“At-Risk” Property during Bankruptcy
Imagine that you sit down with your bankruptcy attorney for an initial consultation. You have worked hard all of your life and have acquired some personal property and real estate. You are scared and have important questions to ask. You start with the most pressing: “What will the trustee take if I file bankruptcy?”
The lawyer on the other side of the table leans back and smugly relies, “It depends.”
That weasel-answer is, of course, technically correct, but it doesn’t even begin to answer your question. Let’s take a few minutes and begin to actually start answering your question.
Chapter 13 Trustee
A debtor does not generally lose property to a bankruptcy Chapter 13 trustee. A Chapter 13 bankruptcy is a repayment rather than liquidation bankruptcy. Consequently, the trustee may not seize or compel the sale of the debtor’s property, although in some cases a debtor may choose to voluntarily sell or surrender an asset for liquidation.
Chapter 7 Trustee
Unlike a Chapter 13 bankruptcy case, a Chapter 7 is a liquidation proceeding. The bankruptcy trustee is appointed to sell assets and pay unsecured creditors with the debtor’s property. Every debtor is able to protect certain property using legal exemptions – in many cases the debtor loses nothing. Legal exemptions are simply laws that protect a debtor’s equity in property, such as household furniture, clothing, and limited equity in a house.
A Chapter 7 trustee may compel the sale or turnover of property to reach “non-exempt” equity. The determination of non-exempt equity can be complex, but it always starts with a valuation of the property. Next, secured debts are subtracted. Finally, legal exemptions are applied to protect the unsecured equity. Anything remaining is the non-exempt equity that the Chapter 7 trustee can reach.
To illustrate, suppose you have a car worth $10,000, you owe $2,000 to a secured creditor (e.g. Ford Credit), and you have $3,000 in available legal exemptions. The calculation to determine any non-exempt equity is the fair market value of the car minus the amount you owe minus the legal exemption, or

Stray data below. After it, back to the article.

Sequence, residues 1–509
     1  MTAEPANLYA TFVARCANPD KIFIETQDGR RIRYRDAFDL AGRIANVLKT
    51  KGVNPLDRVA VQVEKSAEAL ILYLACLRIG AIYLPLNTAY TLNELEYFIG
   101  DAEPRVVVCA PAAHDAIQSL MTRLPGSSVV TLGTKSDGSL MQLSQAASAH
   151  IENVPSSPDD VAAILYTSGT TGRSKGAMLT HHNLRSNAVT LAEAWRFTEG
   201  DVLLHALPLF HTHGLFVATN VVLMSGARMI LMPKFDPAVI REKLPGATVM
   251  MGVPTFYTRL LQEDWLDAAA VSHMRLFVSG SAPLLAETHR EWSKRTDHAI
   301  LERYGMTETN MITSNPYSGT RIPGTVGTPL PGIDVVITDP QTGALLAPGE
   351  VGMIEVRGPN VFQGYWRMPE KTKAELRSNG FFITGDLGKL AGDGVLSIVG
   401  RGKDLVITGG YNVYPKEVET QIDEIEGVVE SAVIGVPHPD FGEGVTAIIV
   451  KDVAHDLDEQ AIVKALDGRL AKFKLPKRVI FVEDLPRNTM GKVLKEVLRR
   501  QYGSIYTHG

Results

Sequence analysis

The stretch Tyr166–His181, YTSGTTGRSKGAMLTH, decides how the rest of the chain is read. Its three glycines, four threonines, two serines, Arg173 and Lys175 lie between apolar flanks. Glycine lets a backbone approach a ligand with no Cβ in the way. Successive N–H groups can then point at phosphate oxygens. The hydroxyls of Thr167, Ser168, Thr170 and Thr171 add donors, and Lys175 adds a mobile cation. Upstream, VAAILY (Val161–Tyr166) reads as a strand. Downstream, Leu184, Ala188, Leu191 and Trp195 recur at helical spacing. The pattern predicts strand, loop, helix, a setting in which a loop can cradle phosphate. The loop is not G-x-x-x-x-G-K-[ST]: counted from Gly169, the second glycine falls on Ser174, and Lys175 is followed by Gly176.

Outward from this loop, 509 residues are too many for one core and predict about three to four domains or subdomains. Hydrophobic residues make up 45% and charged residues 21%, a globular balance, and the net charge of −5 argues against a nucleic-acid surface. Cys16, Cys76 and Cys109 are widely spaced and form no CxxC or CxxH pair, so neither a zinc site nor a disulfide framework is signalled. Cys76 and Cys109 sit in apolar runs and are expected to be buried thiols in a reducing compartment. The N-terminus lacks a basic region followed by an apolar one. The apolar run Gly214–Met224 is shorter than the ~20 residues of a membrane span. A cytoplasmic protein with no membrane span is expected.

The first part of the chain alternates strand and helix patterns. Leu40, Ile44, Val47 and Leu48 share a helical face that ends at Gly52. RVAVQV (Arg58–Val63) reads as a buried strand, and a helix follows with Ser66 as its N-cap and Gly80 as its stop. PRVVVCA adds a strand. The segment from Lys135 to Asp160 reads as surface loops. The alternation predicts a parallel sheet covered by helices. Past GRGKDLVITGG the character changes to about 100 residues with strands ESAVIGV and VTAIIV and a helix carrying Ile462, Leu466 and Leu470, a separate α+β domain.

$10,000 – $2,000 – $3,000 = $5,000 in non-exempt equity
The Chapter 7 bankruptcy trustee can demand turn-over of the car or payment of $5,000. The trustee may take and sell the car, pay the lender, pay you the $3,000 exemption amount, and pay the costs of the sale. The trustee keeps a percentage as his fee and divides the remaining amount among your unsecured creditors.
While it is unusual to disagree over the amount of exemptions, the debtor and trustee often have disagreements regarding the fair market value of property. In some cases the bankruptcy judge is asked to decide the value of an asset.
Non-exempt assets can be found in many sources. However, some assets are less attractive to the trustee because of the difficulties of selling the asset (e.g. a horse). Additionally, the non-exempt equity in an asset may be too little to bother. Here are a few of the easiest non-exempt targets for the trustee:
• Cash money or bank deposit
• Commissions earned but not paid
• Lawsuit settlement or judgment
• Income tax refund
• Property transferred fraudulently, especially to a family member
• High dollar unsecured property, like a house or vehicle
It is important to determine an accurate value of all property and to calculate all legal exemptions before filing bankruptcy. Then you and your attorney can discuss strategies for protecting your property.